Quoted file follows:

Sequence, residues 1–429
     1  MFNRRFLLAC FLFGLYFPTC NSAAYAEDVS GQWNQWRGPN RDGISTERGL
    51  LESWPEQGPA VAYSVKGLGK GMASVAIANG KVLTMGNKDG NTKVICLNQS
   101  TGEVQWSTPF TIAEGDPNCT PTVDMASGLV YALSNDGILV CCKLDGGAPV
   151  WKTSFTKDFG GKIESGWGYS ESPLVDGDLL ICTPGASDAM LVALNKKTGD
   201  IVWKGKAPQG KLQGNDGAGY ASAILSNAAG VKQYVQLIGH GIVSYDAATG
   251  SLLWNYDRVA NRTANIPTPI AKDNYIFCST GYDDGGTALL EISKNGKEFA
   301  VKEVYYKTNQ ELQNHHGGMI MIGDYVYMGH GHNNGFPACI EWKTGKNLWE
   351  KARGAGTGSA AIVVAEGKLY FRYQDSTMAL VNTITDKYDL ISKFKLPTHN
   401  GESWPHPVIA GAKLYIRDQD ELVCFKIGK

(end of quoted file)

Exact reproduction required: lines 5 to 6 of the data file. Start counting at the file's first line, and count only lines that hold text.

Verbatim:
   151  WKTSFTKDFG GKIESGWGYS ESPLVDGDLL ICTPGASDAM LVALNKKTGD
   201  IVWKGKAPQG KLQGNDGAGY ASAILSNAAG VKQYVQLIGH GIVSYDAATG